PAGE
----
Before I was a naturalized American citizen, my husband and I would enter Thailand through different customs’ counters: he for foreigners and me for Thais. Being separated at the customs’ gates made me realize that our nations’ governments did not see us as a couple, as husband and wife who for the last dozen years spent every day together.
The immigration officer was an older Thai man, with cream adding a sheen to his black hair, in a uniform similar to that of a policeman. I was in front of my husband, and walked first to the counter, where I waied (praying hands greeting) to the officer, and said in Thai,
"Sawasdeekrab. How are you?" he asked in Thai.
"I'm fine, sir. Thank you."
"How long are you going to be in Thailand? Did you come to Thailand by yourself?"
"I will stay in Thailand for three weeks. I came to Thailand with my husband."
The officer smiled and stamped my passport."Next time, please don't bring your husband with you."
"Sorry. I love my husband. He is always with me."
We checked in at the Centara Central Hotel in the Hualampong area, near Chinatown. We refreshed our selves, changed clothes, and walked to Chinatown.
A tuk-tuk driver stopped and asked if we needed his service.
"How much to Chinatown?" I asked.
"About 100 Baht."
"That is too expensive. Thank you, but my husband and I will walk."
"How about 80 Baht?"
"Still expensive. I know Chinatown is not far from here."
I looked at my husband. "He offered to drive us for $2.00."
"Sounds great. I'm hungry and ready to eat."
We climbed in the tuk-tuk, the famous covered, three-wheel motorcycle with a bench seat. My husband is a little over six-feet, so he had to lean extra low entering and exiting. Fortunately, we arrived in under 3 minutes.
My husband asked, "Why didn't you tip him?"
"The way he charged us, he had already included the tip."
We walked around Chinatown for a few minutes, but it was close to eleven o’clock, and many cafes were closing for the night. We stopped between two outdoor seafood restaurants. At one restaurant, the workers wore red shirts and at the opposite restaurant they sported green shirts. They advertised similar dishes, but we chose the red shirts—they were the most welcoming.
We ordered five dishes, plus steamed rice, a bucket of ice, and two bottles of water. The food was served quickly, and it was delicious. Two of the servers asked if my husband and I needed anything, and after we said "Thank you, no," they started a conversation.
"You're very lucky. You husband is so nice and can eat Thai food. Can he speak Thai?"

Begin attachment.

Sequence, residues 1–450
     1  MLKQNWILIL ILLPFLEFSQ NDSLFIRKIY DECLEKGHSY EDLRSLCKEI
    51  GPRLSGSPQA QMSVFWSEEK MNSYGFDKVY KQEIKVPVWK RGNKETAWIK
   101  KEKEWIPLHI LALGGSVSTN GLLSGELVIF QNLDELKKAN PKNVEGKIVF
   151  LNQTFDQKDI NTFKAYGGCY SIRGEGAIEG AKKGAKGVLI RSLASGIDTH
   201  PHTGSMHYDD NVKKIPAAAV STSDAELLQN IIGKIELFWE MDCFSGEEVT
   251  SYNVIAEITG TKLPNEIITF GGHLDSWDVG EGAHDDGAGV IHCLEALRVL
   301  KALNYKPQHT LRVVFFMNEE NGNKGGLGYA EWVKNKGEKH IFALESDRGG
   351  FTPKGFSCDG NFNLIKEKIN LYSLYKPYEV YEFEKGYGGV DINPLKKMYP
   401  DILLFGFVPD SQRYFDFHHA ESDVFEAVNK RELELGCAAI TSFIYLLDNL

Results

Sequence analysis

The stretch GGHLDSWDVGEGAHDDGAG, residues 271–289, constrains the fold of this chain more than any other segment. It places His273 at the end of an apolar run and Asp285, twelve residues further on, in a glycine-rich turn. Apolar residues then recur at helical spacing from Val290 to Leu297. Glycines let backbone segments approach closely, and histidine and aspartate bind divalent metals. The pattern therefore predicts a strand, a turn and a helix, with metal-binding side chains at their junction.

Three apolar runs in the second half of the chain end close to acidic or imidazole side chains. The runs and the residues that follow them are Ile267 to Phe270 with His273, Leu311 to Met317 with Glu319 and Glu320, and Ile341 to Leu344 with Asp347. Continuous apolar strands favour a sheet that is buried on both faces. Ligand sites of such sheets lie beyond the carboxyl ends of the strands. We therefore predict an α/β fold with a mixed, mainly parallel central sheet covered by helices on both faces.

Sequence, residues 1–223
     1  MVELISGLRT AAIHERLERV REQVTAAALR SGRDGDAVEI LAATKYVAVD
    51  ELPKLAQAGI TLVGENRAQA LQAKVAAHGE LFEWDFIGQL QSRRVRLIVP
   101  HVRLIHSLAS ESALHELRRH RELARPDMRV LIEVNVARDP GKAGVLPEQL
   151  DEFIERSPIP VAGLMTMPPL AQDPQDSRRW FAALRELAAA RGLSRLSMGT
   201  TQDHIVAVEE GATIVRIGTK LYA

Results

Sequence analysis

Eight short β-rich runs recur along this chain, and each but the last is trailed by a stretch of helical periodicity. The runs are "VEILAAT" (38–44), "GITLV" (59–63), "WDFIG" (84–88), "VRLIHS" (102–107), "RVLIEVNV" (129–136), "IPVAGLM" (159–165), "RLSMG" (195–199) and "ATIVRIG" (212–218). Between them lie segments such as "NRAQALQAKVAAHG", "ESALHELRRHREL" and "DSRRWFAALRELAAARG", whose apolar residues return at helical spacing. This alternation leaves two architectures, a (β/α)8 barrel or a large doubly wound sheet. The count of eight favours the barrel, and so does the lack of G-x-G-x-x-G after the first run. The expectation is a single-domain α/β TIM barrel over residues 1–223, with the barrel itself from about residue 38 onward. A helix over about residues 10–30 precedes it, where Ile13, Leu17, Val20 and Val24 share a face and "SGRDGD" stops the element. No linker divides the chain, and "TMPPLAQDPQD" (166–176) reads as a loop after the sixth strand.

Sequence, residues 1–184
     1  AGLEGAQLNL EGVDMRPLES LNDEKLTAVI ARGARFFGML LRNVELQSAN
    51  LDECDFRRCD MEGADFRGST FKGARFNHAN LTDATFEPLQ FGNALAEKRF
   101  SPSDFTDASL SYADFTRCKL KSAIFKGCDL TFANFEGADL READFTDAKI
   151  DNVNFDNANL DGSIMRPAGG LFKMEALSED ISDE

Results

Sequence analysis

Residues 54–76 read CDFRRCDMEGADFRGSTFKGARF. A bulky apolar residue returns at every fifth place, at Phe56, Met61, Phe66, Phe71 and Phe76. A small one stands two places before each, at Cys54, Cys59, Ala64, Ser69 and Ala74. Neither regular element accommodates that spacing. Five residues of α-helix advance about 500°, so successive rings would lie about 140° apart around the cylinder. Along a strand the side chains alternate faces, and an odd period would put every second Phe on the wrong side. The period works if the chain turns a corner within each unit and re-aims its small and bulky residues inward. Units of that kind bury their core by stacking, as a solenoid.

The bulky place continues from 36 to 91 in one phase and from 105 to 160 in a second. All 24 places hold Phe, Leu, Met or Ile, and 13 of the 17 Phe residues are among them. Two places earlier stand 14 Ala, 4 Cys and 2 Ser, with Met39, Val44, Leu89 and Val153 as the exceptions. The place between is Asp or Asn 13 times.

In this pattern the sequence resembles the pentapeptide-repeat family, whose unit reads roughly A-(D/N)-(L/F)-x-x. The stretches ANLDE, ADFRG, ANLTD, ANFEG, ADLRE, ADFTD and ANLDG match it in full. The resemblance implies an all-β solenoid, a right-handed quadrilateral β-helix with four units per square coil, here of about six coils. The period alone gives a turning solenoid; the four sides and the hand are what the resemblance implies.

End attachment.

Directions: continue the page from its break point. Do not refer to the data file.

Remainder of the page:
"Thank you. He can speak a little, but understands more."
"How long have you been married? Do you have a baby?"
I knew this conversation would be long.
"We have been married for 12 years. We don't have a baby."
"Why don't you have a baby? If you had a baby, your baby will be beautiful like a Thai superstar. Don't you want to have a baby that can be a superstar?"
My husband and I smiled. We never thought about having a baby just so the child could become a Thai superstar. But what the lady said was not simply a dream. Unlike many other Asian countries that favor ethnic purity, Thailand extols mixed persons, especially if one of the parents is a white Westerner.
"No, we don't have a baby and we don't care to have one just so the child can become a superstar. We’re just happy with our life. Also I am the youngest in my family, and my husband is the youngest in his family. We’re happy being the only two babies in the family. Plus, we are auntie and uncle to several dozen nieces and nephews. And by the traditional Thai family structure, we are already grandparents."
"Too bad, you have opportunity to have beautiful baby but you don't want it. If I was you, I would have many babies. The most beautiful babies in Thailand."
We smiled. Then the woman asked more questions, but I only answered a few questions, then listened to them talk about their lives. The first woman was from Laos and the second was from Myanmar. They had lived in Thailand many years. Both of them could speak Thai very well—we switched between Thai and Laotian often. They didn't like having to speak Thai all the time, but due to their jobs, they had to.
"How much salary do you make in America? Does your husband make big money?"
This question is normal for the country people to ask, but I felt uncomfortable. Living in America taught me that this question was not polite, especially of a customer in their restaurant. I feared that if I told the servers my thoughts I would hurt their feelings.
"We don't make a lot of money but we have a good life."
"You and your husband probably make good money. That’s why both of you are able to travel to Thailand."
"Are you going to go visit your family?" the second woman asked.
"I bet your parents will be very happy to see you and your husband," the second woman said.
"My parents passed away a long time ago."
My answer momentarily silenced them.
"Do you have brothers and sisters?"
"Yes, I will see some of them soon."
"Are you going to stay with your family?" the Myanmar woman asked.
"No, we will stay in our house in my village in Si Sa Ket Province."
"You have the house in Thailand too?" the Laotian lady asked.
"Just a small house. It’s good for us. Better than staying in a hotel or staying with other people. Sometimes we love our privacy."